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APSU Students explore meaning of family in 24 Hours Animation Contest

Austin Peay State University - APSUClarksville, TN – Ten Austin Peay State University (APSU) students had 24 hours to create the best possible 30-second animated film they could working off nothing more than a contest prompt and the knowledge they’ve earned from the university’s emerging animation program.

Layne's team created more than 700 drawings and the film’s dialogue. (APSU)
Layne’s team created more than 700 drawings and the film’s dialogue. (APSU)

As it turns out, the students – who broke into two teams of five – didn’t need the time allotted to them by the 24 Hours Animation Contest for Students, an international competition that last year included more than 200 teams and about 50 colleges.

One Austin Peay State University team needed only 23 hours to finish its hand-drawn movie (two-dimensional animation), a task that required team members to create more than 700 drawings then scurry across campus for recording equipment to capture the film’s dialogue.

The other team accomplished its three-dimensional, computer-generated movie in 21 hours, which required team members needing more than five hours just to create the characters, let alone the 12 hours to give the characters’ movement (not counting the time needed to capture real humans modeling character movement).

“Our group was very happy with the final result of our work,” Claire Layne, who led the team that created the 2D movie (embedded above), said. “Everyone worked extremely hard on each task. Strong communication among our group was a pivotal part of our success, and the experience brought us closer as a team.”

Peyton VanHook, who led the 3D team (video embedded below), agreed: “It was a great experience. We really hit our stride. A big part of what we did was develop all the pieces that needed to come together.”

‘Developing all the pieces’ on little sleep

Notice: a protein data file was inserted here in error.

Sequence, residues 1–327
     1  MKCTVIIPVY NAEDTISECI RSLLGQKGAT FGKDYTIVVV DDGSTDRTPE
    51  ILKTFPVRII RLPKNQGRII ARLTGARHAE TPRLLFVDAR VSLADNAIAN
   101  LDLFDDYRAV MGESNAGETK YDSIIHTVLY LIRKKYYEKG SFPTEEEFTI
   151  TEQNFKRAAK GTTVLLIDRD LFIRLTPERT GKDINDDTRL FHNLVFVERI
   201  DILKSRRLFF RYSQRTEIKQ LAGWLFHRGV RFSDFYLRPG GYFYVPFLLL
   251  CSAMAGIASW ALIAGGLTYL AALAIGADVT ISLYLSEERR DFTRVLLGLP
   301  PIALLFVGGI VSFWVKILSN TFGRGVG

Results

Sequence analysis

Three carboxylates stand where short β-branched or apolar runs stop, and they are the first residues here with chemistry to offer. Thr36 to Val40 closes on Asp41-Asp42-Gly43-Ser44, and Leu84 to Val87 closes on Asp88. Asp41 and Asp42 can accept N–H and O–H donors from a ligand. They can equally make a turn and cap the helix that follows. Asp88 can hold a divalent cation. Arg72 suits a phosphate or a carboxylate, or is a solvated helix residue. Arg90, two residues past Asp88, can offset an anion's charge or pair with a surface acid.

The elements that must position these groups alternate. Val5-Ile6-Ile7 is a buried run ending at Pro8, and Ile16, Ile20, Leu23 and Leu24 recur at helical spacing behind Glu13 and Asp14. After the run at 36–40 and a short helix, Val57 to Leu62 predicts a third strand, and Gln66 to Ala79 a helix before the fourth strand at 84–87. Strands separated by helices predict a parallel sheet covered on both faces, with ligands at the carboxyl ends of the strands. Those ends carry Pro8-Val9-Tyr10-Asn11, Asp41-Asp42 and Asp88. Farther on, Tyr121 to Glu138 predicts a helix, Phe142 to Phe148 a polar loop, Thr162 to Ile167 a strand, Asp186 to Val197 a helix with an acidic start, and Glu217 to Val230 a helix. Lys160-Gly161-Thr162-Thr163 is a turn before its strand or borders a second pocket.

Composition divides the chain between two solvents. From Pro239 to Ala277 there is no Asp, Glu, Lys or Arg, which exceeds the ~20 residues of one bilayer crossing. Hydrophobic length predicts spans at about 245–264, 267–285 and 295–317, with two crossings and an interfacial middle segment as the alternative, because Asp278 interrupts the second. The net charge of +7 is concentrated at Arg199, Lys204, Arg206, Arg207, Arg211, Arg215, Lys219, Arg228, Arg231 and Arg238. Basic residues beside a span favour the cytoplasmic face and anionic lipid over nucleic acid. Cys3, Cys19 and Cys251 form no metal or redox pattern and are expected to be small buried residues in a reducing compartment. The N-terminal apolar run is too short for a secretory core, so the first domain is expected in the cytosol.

The common key to success for both teams was just that: “developing all the pieces” or “working hard on each task.”

All the teams in the competition had to create movies based on the question, “What does family mean to you?” They had 24 hours to create a 30-second movie from scratch, beginning when the prompt was announced at around 5:30pm on Friday, October 4th.

Using VanHook’s team as an example, the student animators started by spending about 30 minutes coming up with a concept. One of the students then broke off to create the character models, a task that took five to six hours.

During that time, her teammates focused on creating the story. Other tasks included refining the storyboard and filming a reference video to capture human movement to apply to the characters. 

After all that came 12 hours of animation – making the characters move within the story.

“We didn’t even get started animating moving stuff until 1:30 in the morning because we had to make sure all the pieces were ready to go,” VanHook said.

Layne’s team used hand-drawn animation in its movie, a process that requires about 24 drawings in each second of the movie. Her team also decided to add dialogue to the movie, and those voices came from the team members themselves, using a sound studio on campus.

“The time crunch was a challenge since we realized that we were going to use dialogue for our short,” she said.

VanHook added, “None of us got much sleep.”

Layne’s team included Catelyn DaSilva, Jonathan Bruns, Nicholas Stiers and Jeremy Vega. VanHook’s team included Myles Johnson, Savannah Debord, Kayleigh Baird and Paul Gibson.

‘Mimics’ crunch time in professional animation

This year is the third time Austin Peay State University students have participated in the October contest, which parallels life as a professional animator – especially the days leading up to a project deadline.

“It really mimics a little bit of when you’re in a studio setting and you’re in crunch time and you need to get a shot out by Friday,” Scott Raymond, APSU associate professor in Art + Design, said. “You’ll do what you have to do, pull the crazy 80-hour workweeks to get things done.” 

Raymond has the experience to know; he worked on such films as “Trolls,” “Kung Fu Panda 3” and “Home” before joining the APSU Art + Design department. 

The contest also reinforces teamwork, he said. 

“You realize, ‘We’re all in it together,’” Raymond said. “Animation tends to be a solo adventure, but that’s not indicative about how it is in the real world. In the real world, you’re part of a team and you can’t do it all.”

VanHook's team accomplished its three-dimensional, computer-generated movie in 21 hours. (APSU)
VanHook’s team accomplished its three-dimensional, computer-generated movie in 21 hours. (APSU)

The contest awards five teams with prizes from industry sponsors and includes judges who are industry professionals. This year’s sponsors include DreamWorks Animation, the Cartoon Network, Blue Sky Studios and Sony Pictures Animation. The contest is an event by Animation Educators Forum, a subset of the animation industry group ASIFA-Hollywood.

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